The levels of three Cannabinoids- Cannabidol, (CBD) Delta-9- Tetrahydro Cannabinol (THC) and Cannabinol (CBN) in 24 samples from the various regions in the country have been determined using gas liquid chromatographic method. The levels of THC (the biological active cannabinoid) in the samples ranged from 0.039-1.549 per cent w/w with coefficient of variation of 2.45 per cent. Classification according to the phenotype ratio method put the Ghanaian samples into phenotype I. the content of CBD ranged from 0.116-0.620 per cent w/w whilst the levels of CBN fell between 0.049-1.069 per cent w/w.
The levels of Cannabinoids in Cannabis sativa (L) are known to be influenced by factors such as ecology, stages of development of the plant, genetics and seasonal changes 1-2. Various attempts have been made to classify Cannabis according to the geographical origin but not with much success (3-6). Difficulties encountered in such classification exercises have been attributed partly to the fact that there are a whole range of unauthenticated samples of Cannabis obtainable from unauthorized cultivations from all corners of the world. The problem is made more difficult by the unstable nature of Cannabis samples on storage. These difficulties in classification are not encountered with Opium where cultivation in most parts of the world is authorized and the Opium where samples tend to be more stable on storage than Cannabis.
Despite the above mentioned difficulties, some efforts have been made to classify various samples of Cannabis using other characteristics of the plant. Content of Cannabinoid acid sand phenols in Cannabis has been used to classify the plant into fibre and drug types7. Fetterman et al8 recently also suggested another way of classifying Cannabis into chemical phenotypes: phenotype ratio= (% (-) Δ9 – trans -tetrahydro-cannabinol +% Cannabinol): %Cannabinol.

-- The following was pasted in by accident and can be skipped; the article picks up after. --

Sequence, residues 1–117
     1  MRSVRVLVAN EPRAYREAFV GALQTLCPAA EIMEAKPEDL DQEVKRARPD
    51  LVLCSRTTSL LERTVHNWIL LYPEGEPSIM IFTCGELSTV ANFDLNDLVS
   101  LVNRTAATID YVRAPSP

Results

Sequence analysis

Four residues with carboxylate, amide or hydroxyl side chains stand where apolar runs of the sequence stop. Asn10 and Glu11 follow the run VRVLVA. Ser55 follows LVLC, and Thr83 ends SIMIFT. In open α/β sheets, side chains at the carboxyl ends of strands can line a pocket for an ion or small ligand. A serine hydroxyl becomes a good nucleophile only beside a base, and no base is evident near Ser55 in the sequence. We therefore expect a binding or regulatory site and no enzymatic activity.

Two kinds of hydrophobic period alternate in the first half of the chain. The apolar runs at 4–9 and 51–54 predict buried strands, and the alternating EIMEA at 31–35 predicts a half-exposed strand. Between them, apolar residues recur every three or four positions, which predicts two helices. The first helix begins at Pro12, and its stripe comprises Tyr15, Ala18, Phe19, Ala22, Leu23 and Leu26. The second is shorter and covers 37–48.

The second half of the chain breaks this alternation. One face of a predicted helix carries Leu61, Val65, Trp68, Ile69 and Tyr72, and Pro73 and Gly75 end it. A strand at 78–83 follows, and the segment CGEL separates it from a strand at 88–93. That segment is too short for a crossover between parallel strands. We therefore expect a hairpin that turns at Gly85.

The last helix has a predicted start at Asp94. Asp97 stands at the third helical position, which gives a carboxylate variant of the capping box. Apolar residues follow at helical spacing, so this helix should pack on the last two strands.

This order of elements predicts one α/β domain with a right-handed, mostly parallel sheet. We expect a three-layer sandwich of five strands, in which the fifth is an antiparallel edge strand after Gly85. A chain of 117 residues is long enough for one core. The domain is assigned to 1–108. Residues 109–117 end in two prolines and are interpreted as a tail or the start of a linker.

According to this method, Cannabis samples with phenotype ratios greater than 1.0 are classified as phenotype I. the phenotype I is regarded as biologically active and samples with ratios less than 1.0 are classified into phenotype II or the fiber-type Cannabis.
This method of classification is used in classifying 24 samples of Cannabis randomly selected from Police seizures from the various regions in Ghana. Up-to-date no data on quantitative levels of Cannabinoid in Cannabis samples as found in Ghana have been reported. With complexing problems in classifying the various samples as found in many parts of the world are systematically studied. The present report is part of a programme initiated in our Laboratory to examine systematically samples of Cannabis in Ghana.
© The Author(s) 1974. Published by the Pharmaceutical Society of Ghana (PSGH). This is an Open Access article distributed under the terms of the Creative Commons Attribution License (https://creativecommons.org/licenses/by/4.0/), which permits unrestricted reuse, distribution, and reproduction in any medium, provided the original work is properly cited.